This appeal concerns defendants’ inadvertent production of certain text messages between Fox television host Jesse Watters and his wife, Emma Watters, who are not named defendants in this action. Defendants contend that while engaging in discovery, they inadvertently produced eight documents that were subject to New York’s marital privilege under CPLR 4502(b), including the text messages. Defendants demanded that plaintiff destroy these documents. Plaintiffs agreed to destroy two of the eight documents, but maintained that the text messages were not protected by the spousal privilege because they were nonconfidential, business-related communications that had been relayed on a device issued by defendants Fox Corporation and Fox News Network LLC, and that Mr. Watters could not have reasonably expected that they would remain private.

Supreme Court did not abuse its discretion in determining that the text messages were protected by the spousal privilege (see e.g. Abe v New York Univ., 139 AD3d 416, 416 [1st Dept 2016]). “A husband or wife shall not be required, or, without consent of the other if living, allowed, to disclose a confidential communication made by one to the other during marriage” (CPLR 4502[b]; see also Matter of Vanderbilt [Rosner-Hickey], 57 NY2d 66, 73 [1982]). While not all spousal communications are privileged, “confidential” communications “induced by the marital relation and prompted by the affection, confidence and loyalty engendered” by the relationship clearly are (see Matter of Vanderbilt, 57 NY2d at 73; see also Poppe v Poppe, 3 NY2d 312, 315 [1957]). In making this determination, spousal communications are “presumed to have been conducted under the mantle of confidentiality,” and the burden is on the party seeking to overcome the privilege to demonstrate that the communications were not made in confidence (People v Fields, 38 AD2d 231, 233 [1st Dept 1972], affd 31 NY2d 713 [1972]).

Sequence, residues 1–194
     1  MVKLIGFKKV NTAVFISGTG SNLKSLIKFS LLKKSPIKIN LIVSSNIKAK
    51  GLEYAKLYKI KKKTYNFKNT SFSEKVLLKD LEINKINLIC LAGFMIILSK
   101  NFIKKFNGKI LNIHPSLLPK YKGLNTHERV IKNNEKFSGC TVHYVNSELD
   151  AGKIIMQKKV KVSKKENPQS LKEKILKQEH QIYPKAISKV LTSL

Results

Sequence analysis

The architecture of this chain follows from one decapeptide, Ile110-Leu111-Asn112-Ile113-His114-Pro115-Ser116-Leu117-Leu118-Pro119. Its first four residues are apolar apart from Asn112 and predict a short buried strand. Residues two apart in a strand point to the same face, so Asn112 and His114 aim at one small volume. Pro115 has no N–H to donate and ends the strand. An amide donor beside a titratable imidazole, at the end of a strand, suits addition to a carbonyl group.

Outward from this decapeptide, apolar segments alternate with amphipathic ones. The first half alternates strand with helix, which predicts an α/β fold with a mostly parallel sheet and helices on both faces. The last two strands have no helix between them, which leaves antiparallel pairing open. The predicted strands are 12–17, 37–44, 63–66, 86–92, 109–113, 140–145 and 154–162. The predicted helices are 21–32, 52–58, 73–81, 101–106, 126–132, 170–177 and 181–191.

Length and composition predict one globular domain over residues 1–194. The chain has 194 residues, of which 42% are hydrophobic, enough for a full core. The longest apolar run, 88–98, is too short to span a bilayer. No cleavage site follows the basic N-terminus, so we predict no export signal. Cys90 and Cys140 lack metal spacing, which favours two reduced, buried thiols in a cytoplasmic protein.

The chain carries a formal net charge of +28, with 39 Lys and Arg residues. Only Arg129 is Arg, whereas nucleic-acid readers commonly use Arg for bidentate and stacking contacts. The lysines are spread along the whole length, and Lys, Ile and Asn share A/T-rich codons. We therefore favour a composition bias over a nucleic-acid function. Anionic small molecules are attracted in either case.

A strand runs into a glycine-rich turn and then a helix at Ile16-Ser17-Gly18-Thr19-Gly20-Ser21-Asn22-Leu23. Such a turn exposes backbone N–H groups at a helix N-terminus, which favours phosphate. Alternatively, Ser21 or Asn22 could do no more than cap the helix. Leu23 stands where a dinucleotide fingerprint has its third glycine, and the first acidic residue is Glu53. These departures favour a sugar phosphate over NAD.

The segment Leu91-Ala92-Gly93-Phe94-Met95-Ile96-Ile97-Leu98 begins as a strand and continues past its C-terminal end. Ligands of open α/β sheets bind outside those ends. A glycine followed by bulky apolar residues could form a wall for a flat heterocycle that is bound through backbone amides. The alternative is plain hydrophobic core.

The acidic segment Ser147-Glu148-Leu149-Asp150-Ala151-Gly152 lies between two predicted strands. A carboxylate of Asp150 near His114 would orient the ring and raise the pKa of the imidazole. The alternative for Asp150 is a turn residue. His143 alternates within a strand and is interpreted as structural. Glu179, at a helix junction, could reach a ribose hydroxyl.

Supreme Court providently found that plaintiffs did not meet this burden. A review of the text messages reveals that they were confidential communications between spouses, induced by the marital relationship, that would not have been relayed to outsiders voluntarily. Nor is there a legal or practical basis for finding that one spouse’s discussion of what was happening at work would automatically destroy the spousal privilege. Indeed, many “conversations about business matters [are] only had because of the husband-wife relationship” (Atlantic Richfield C0. v Triad Petroleum, Inc., 113 FRD 686, 687-688 [SD NY 1987])

May 24, 2024 in Privilege | Permalink | Comments (0)

Iowa Stubborn

The Iowa Supreme Court remanded some aspects of sentencing in a criminal matter involving a confrontation outside a city hall

On November 29, 2021, the defendant, Amy Rasmussen, confronted Victim 1 while she was talking with Victims 2 and 3 on the steps outside of Boone City Hall following a city council forum. Victim 1 declined the defendant’s request to speak privately, but the defendant continued to yell and make threats, telling Victim 1 that she would be “hog chow” the next time she posted about the defendant’s son or husband on social media. As the defendant continued to invade Victim 1’s space, Victim 3 attempted to defuse the situation by placing her hand on the defendant’s shoulder and asking her to stop. The defendant responded, “Don’t you fucking touch me,” and elbowed Victim 3 in the head to get her out of the way.

In the meantime, Victim 2 took out her cell phone, thinking she might record the incident or need to call for help. Upon seeing this, the defendant told her, “Go ahead[,] record me,” and then pushed Victim 2 over a retaining wall. She proceeded to attack Victim 1, causing her to fall to the ground. As Victim 1 was on the ground, the defendant jumped on top of her and struck her multiple times before kicking her. When police arrived, the defendant indicated that she had a personal feud with Victim 1 and admitted to “kicking her ass.”